Aquarium mobility day
Children with vision impairment explore Sydney Aquarium
A Guide Dogs NSW/ACT school holiday program aimed at giving children with vision impairment the skills to travel safely and independently had youngsters navigating their way to Sydney Aquarium last week.
The Sydney Kids program for primary school aged children aims to teach orientation and mobility skills and strategies to increase confidence so participants can eventually be independent travellers.
Guide Dogs NSW/ACT Orientation and Mobility Specialist, Sarah Farrugia-Martin said the trip to the Aquarium followed a day of learning safe train travel skills for the young participants.
"Before travelling to the Aquarium, the children spent the previous day exploring a variety of stationary trains at Central Station," Sarah said.
"This gave them the opportunity to learn skills in a fun, supervised and encouraging environment, without the crowds or time pressures of real-life train travel."
"Most of these children will not be able to drive a car, so they will have to rely on public transport. Our aim is to prepare them for independent travel in the future."
After arriving at the Aquarium, the children continued to build on their mobility skills as they explored the underwater world.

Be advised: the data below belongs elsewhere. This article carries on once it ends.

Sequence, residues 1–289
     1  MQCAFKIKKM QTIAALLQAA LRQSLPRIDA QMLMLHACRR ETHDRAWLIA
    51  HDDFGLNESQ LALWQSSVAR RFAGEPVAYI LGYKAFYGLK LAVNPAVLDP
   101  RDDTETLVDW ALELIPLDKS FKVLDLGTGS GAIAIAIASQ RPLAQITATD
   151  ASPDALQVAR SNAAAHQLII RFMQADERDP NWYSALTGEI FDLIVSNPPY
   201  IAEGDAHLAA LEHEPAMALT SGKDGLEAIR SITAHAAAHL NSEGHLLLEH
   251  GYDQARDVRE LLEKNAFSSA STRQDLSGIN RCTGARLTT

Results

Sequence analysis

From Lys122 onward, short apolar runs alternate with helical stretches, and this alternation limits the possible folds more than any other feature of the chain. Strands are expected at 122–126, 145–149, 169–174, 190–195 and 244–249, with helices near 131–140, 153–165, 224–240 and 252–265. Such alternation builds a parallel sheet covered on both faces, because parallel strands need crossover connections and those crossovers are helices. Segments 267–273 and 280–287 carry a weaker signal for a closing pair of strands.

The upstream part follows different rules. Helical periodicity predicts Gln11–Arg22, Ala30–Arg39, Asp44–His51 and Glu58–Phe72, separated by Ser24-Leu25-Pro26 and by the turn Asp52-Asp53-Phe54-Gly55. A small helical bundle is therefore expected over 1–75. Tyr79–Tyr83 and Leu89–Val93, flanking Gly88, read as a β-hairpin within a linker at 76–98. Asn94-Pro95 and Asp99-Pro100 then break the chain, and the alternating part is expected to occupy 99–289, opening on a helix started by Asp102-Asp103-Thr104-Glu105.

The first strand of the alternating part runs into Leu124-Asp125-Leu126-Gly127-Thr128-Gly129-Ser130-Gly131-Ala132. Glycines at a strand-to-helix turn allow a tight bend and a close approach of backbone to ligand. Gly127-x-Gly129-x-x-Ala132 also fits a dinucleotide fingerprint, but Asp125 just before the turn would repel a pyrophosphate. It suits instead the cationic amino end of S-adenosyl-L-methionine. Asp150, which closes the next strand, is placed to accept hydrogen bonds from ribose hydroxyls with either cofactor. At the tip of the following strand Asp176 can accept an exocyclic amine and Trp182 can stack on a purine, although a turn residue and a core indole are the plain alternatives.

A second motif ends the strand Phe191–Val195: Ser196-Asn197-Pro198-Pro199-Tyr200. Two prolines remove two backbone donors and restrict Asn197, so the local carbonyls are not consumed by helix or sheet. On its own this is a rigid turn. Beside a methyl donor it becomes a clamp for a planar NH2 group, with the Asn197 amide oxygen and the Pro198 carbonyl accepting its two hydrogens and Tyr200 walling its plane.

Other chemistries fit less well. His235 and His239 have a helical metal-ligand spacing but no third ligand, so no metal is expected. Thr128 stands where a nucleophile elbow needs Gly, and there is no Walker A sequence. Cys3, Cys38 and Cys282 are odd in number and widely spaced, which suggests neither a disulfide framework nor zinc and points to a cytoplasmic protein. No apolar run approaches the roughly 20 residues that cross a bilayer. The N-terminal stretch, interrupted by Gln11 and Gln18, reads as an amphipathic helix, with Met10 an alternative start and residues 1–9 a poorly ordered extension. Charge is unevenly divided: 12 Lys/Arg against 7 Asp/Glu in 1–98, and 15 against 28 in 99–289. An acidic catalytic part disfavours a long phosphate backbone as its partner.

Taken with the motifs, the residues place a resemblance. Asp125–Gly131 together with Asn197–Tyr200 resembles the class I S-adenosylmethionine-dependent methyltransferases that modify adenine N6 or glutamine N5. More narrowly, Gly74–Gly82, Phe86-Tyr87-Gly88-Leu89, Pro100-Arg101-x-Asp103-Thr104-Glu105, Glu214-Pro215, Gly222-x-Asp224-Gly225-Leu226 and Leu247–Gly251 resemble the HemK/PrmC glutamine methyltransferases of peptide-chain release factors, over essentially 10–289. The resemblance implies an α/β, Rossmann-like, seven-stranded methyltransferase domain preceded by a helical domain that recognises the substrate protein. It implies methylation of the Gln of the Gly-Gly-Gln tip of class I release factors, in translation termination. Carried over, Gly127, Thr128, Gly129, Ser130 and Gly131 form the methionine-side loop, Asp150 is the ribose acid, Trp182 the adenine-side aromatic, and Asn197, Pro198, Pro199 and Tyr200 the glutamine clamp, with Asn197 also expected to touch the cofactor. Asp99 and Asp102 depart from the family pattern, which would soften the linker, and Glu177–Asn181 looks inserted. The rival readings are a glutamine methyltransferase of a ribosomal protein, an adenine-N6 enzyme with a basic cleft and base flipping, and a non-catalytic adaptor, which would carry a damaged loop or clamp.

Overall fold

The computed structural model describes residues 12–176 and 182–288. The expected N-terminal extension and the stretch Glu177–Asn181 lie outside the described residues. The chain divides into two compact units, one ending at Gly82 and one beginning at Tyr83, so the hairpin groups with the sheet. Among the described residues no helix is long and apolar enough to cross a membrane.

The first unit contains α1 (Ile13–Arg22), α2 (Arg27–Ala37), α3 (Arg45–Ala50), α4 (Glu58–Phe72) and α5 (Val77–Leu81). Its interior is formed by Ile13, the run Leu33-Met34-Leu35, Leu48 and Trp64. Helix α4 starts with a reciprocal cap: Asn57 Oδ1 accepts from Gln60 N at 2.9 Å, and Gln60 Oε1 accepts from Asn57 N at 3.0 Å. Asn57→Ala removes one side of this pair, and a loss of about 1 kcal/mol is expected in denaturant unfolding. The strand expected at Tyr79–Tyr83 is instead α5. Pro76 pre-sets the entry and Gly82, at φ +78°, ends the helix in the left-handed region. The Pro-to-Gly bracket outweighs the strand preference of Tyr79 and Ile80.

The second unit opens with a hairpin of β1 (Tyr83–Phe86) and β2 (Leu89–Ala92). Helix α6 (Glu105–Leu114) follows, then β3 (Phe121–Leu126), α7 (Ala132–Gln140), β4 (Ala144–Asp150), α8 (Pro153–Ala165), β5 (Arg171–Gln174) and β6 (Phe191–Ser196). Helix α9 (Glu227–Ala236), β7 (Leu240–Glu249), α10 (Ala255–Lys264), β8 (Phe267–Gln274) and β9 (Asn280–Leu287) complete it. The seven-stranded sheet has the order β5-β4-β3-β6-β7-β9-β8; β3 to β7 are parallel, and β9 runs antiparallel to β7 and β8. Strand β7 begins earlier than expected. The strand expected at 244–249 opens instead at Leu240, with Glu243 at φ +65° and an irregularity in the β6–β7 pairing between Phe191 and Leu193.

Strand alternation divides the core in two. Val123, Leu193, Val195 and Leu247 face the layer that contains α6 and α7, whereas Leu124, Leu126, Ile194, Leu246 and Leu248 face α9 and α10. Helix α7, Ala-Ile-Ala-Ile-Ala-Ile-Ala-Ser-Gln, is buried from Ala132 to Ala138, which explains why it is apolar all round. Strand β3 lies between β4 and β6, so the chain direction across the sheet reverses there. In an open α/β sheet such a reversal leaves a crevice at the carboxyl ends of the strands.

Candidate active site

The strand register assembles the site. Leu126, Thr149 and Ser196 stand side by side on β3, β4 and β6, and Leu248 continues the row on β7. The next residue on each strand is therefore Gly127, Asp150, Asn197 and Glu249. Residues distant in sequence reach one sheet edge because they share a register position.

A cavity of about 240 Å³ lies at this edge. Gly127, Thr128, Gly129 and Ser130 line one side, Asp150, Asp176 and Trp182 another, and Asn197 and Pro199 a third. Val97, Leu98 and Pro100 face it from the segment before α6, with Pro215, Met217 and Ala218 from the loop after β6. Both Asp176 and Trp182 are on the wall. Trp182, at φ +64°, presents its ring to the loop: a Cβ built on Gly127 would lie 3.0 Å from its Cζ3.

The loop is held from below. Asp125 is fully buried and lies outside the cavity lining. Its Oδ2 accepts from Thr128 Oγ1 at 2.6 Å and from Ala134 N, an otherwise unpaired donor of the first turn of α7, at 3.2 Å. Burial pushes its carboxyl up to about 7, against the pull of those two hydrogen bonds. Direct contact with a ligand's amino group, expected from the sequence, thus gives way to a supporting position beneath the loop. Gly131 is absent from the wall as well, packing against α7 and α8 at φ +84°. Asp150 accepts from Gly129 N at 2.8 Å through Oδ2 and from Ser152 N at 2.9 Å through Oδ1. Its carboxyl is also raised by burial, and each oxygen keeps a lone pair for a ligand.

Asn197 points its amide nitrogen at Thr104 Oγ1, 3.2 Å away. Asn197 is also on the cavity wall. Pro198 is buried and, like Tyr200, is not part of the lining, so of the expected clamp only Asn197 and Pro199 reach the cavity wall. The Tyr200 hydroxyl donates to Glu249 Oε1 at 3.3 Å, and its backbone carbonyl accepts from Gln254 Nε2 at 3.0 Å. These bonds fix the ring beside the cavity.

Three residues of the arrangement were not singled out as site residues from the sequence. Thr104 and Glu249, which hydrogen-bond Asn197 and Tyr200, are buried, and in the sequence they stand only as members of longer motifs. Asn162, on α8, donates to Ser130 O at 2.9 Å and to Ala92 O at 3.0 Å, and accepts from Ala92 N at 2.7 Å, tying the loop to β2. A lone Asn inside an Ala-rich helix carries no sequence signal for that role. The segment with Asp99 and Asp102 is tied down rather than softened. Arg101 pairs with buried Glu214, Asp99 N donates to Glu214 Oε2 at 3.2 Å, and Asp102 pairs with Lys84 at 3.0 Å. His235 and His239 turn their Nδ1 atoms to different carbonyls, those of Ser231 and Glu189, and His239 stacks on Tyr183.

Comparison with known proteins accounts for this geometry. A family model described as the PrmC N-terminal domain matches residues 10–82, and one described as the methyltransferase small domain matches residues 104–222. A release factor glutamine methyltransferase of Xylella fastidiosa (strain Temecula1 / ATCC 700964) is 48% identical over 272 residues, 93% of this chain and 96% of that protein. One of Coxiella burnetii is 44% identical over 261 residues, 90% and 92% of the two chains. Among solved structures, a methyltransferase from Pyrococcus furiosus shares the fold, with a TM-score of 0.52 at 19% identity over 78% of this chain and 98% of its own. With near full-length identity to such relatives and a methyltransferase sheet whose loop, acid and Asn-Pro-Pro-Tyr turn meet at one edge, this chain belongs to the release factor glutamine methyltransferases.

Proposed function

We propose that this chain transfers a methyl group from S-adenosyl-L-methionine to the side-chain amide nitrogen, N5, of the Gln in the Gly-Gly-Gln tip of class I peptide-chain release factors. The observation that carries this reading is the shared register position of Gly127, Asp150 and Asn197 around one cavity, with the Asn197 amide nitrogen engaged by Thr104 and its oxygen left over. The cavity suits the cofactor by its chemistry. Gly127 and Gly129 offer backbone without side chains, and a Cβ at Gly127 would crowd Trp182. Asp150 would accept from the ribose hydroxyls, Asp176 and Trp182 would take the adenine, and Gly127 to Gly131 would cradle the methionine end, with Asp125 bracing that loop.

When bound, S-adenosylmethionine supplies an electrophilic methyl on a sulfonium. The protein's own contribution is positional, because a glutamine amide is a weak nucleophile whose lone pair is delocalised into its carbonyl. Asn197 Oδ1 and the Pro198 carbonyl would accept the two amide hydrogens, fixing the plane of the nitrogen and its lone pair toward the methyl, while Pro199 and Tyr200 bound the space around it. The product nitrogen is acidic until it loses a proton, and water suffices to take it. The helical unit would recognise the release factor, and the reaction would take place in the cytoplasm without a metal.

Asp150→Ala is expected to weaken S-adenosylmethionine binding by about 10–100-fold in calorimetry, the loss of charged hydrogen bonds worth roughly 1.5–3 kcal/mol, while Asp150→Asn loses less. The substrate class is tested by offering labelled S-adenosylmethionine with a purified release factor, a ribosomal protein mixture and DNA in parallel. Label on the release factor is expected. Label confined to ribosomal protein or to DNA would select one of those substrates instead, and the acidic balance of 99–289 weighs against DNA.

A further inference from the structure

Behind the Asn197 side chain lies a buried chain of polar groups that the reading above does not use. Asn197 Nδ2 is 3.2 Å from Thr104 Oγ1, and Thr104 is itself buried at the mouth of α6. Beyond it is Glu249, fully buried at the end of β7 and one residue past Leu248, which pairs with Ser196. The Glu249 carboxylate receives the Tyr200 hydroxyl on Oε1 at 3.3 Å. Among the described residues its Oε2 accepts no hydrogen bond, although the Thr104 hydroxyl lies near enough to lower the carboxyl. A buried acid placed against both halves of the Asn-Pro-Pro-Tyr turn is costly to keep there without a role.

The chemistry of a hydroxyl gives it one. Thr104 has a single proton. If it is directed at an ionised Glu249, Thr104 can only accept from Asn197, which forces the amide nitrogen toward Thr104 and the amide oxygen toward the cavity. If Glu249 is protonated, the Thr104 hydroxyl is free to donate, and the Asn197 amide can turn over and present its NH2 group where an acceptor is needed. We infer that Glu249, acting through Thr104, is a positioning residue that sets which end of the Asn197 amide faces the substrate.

"The Aquarium is a dynamic and dark environment so it provides a good challenge for the children, especially for those who experience night blindness," Sarah said.
"Learning how to navigate an unfamiliar environment like this helps children with vision impairment build self-confidence, so that they can go on excursions independently in the future."
While at the Aquarium, the children had the opportunity to explore sea life through a tactile experience at the 'Discovery Rockpool.' Here they felt the different shapes, sizes and textures of sea stars, hermit crabs, clams and other marine animals.
Sarah said along with being a great learning experience, Guide Dogs school holiday programs also allow young participants to meet other children with vision loss.
"This program gives the children the opportunity to socialise and share experiences about having low vision and what works best for them," she said.
While training Guide Dogs is an important part of Guide Dogs NSW/ACT work, the most common program is showing people with impaired vision how to safely move through different environments, using a range of mobility aids and electronic devices.
Last year, Guide Dogs NSW/ACT assisted 448 children with vision loss and the organisation, which receives less than 2 per cent of its funding needs from the government, continues to rely on the support of the community to fund its free services.
Every day 28 Australians are diagnosed with uncorrectable vision loss, including nine who become blind.